Lexicon of the Yiddish Theatre



Yitzhak Valdberg

Born on 21 July 1889 in Lemberg, Galicia. His father was a clothing merchant and a manager of a tailor's workshop. He learned in a cheder, and in a school. He sang in temple, and in the children's chorus of a Yiddish theatre. Underdeveloped, V. began to play comic roles with amateurs, but his parents were dissatisfied with it and entered him into a hat business, only V. continued with playing with acting. In 1911 he fled to Kolomea in Norbert Glimer's troupe, where he debuted as "Motele" in Gordin's "God, Man and Devil." After playing for a year in a chorus with Hart in Stanislawow, playing roles at the same time.

 In 1913 V. was with a member's group, which was under the direction of Palepade. During the First World War he put together a troupe of "amateurs" in Krakow, was taken into the army, and as a prisoner-of-war he played Yiddish theatre in a prison camp by Austria.

About this Alter Eisenshlos, also a prisoner-of-war in Mehrn writes:

"We immediately sent a request to the officer-in-chief and asked the petitioners for a permit [to play theatre], stating that from day to night melancholy and despairing, it would certainly make sense that in order to avoid such danger, a license for theatre performances is very much needed. It did not take long. A reply came back, that although the time is not very apt to play the theatre, it is still granted permission for Yiddish theatre performances. There must, however, be unconditional copies of the plays to be performed.

As soon as the repentance arrived, they became true 'Jews.' Immediately they were professional artists, a comedian, a certain Waldberg and his wife, who later moved to the Yiddish stage' in Vienna. ... (But there were no plays.) The entire joy was not destroyed because of it. The severe revision saved the bad situation that H. Valdberg made for himself in Coyber, and there found out the old role of 'Diego Francisco' from the operetta 'Kol Nidre.' It was therefore decided to make an evening of singing and declamations, and this Valdberg couple should perform all the scenes of Diego Francisco. ... Under the instructions of Mssrs. Zilber and Valdberg, in several days it was performed on a stage with all his knack."

From 1915-20 he acted with Podzamce in Vienna, later for a short time in Romania. From 1922-23, he worked in cafe houses, until he went back in 1924 into the Vienna Yiddish theatre. Then he began to wander with the itinerant troupes across Czechoslovakia. About this account, Sh.Y. Harendorf in his book "Theatre Caravans" recalls, that the troupe, which played under the direction of Abish Meisels in Marienbad, where there also was situated the Belz rabbi, it was decided to visit the rabbi and ask him for a blessing:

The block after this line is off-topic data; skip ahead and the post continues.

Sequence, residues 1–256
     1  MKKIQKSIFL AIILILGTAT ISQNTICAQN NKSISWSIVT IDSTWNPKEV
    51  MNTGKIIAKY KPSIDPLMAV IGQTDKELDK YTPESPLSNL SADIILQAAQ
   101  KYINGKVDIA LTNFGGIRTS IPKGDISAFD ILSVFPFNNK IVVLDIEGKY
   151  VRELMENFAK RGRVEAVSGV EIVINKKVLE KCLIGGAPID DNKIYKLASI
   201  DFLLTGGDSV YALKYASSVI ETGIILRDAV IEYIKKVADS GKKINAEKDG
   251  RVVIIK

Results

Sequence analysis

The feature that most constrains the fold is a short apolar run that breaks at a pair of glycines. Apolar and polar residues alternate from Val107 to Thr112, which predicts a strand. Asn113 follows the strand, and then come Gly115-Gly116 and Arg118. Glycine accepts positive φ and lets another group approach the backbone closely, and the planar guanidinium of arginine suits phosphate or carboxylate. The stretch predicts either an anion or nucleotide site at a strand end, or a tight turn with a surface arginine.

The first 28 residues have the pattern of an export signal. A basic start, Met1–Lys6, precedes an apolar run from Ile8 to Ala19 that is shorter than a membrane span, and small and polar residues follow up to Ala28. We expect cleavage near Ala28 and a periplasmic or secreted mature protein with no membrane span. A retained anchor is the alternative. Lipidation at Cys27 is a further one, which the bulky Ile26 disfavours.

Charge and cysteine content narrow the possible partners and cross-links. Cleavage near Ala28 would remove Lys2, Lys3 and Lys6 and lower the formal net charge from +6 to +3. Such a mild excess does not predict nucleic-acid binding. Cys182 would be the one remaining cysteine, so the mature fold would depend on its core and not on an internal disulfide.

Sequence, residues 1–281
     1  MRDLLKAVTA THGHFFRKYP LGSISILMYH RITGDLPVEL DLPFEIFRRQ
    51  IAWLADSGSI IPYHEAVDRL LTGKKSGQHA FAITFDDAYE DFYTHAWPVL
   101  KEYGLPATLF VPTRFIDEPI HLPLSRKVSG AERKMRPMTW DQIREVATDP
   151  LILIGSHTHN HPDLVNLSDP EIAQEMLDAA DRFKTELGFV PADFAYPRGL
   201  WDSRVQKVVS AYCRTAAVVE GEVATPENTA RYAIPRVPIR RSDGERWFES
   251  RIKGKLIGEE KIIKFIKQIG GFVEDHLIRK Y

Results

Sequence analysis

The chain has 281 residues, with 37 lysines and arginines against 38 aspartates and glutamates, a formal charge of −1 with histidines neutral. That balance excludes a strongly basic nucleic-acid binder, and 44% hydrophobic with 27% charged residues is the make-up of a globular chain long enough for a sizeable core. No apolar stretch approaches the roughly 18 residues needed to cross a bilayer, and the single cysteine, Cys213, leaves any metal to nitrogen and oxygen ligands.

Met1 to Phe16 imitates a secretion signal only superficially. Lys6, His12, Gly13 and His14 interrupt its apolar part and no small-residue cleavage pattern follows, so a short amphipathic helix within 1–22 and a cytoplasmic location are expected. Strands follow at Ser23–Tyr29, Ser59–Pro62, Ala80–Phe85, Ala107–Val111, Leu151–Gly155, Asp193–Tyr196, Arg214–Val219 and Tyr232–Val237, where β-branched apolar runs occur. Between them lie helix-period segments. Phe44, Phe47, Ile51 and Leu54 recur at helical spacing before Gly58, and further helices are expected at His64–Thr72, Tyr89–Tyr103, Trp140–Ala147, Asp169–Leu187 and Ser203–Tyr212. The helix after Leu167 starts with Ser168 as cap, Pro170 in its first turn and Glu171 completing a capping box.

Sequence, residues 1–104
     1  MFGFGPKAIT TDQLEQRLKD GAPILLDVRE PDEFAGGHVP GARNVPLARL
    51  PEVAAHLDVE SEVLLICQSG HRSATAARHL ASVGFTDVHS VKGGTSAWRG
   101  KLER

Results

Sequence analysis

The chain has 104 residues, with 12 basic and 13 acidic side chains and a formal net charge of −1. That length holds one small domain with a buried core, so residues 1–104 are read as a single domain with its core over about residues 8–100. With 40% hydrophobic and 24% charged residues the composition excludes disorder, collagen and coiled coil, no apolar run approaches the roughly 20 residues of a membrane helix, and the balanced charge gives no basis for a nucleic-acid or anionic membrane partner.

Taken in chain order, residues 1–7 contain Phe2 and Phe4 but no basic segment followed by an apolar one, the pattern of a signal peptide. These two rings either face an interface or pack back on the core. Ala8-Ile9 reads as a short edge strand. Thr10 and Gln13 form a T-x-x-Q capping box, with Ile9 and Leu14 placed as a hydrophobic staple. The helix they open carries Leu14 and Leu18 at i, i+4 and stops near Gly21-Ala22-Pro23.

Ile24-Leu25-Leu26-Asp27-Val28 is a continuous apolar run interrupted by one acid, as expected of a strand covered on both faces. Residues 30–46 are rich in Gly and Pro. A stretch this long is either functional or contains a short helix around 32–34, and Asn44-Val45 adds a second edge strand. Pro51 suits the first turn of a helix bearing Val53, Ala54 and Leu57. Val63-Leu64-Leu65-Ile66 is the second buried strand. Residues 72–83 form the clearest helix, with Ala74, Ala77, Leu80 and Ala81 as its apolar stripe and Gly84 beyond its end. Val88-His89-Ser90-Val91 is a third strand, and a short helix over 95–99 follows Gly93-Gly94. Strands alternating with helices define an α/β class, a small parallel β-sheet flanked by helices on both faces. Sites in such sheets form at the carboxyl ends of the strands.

"The first of the actors who reached the rabbi was a member of our troupe, Valdberg he was called. He was small and lean, like a small stick, and the actors called him "Kokele" (May he forgive me, this Yiddish actor, when I want to make him a bad advertisement in that world, that he was a weak comedian.) When he handed the rabbi his little hand there, the rabbi asked him what his livelihood was.

When he gave the Rebbe his small, thin hand the rabbi asked him what’s your livelihood?

-- An actor -- answered Valdberg.

-- What kind of profession is that? -- the Rebbe wanted to know.

-- I’m an art maker -- Valdberg wanted him to understand in his Lemberger dialect.

-- What kind of art? (We shouldn’t know from it). Can you show it? -- The Rebbe became curious.

The Rebbe’s gabbai (administrator) mixed in and tried to explain to the Rebbe, saying:

-- Rebbe he is a Purimshpiler, one of the colony of clowns … a wanderer … They’re putting on a Purim play …

-- So! You are a Purim player -- wondered the Rebbe -- And from this you’re able to make ends meet throughout the year?

-- No, Rebbe -- Valdberg was trembling with fear -- I’m not a Purim player …

-- Rebbe -- butts in the gabbai -- he’s a badkhan (a jester).

-- So? The Belzer Rebbe started to understand the matter …

-- You’re a badkhan, and you make the people happy …

During the entire time of this chat the Belzer Rebbe did not lift up his eyes, but when Valdberg told him that he is an art maker, he lifted his head and looked deeply at him. The Rebbe understood that Valdberg’s story about art is somehow not an every day thing.

-- That’s no business for a Jew. -- God should send you a complete recovery for your soul.

In the last years V. went from Vienna back to Lemberg. During the Second World War he had, together with the Lemberg Jewish State Theatre, evacuated to the Soviet Union, and during the typhus epidemic in Bukhara he passed away.

  • "Lexicon of Yiddish Theatre," New York, 1931, Vol. 1, pl. 646.

  • A. Eyzenshlos -- Yidish teater in di estreykhishe barakn-lagers (in Zalmen Zylbercweig's "Theatre Memories"), Vilna, 1928, pp. 11-20.

  • Sh.Y. Harendorf -- "Theatre Caravans," London, 1955, pp. 145-147.






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Adapted from the original Yiddish text found within the  "Lexicon of the Yiddish Theatre" by Zalmen Zylbercweig, Volume 5, page 4041.

You can read Yitzhak's initial "Lexicon" biography in its Volume 1.

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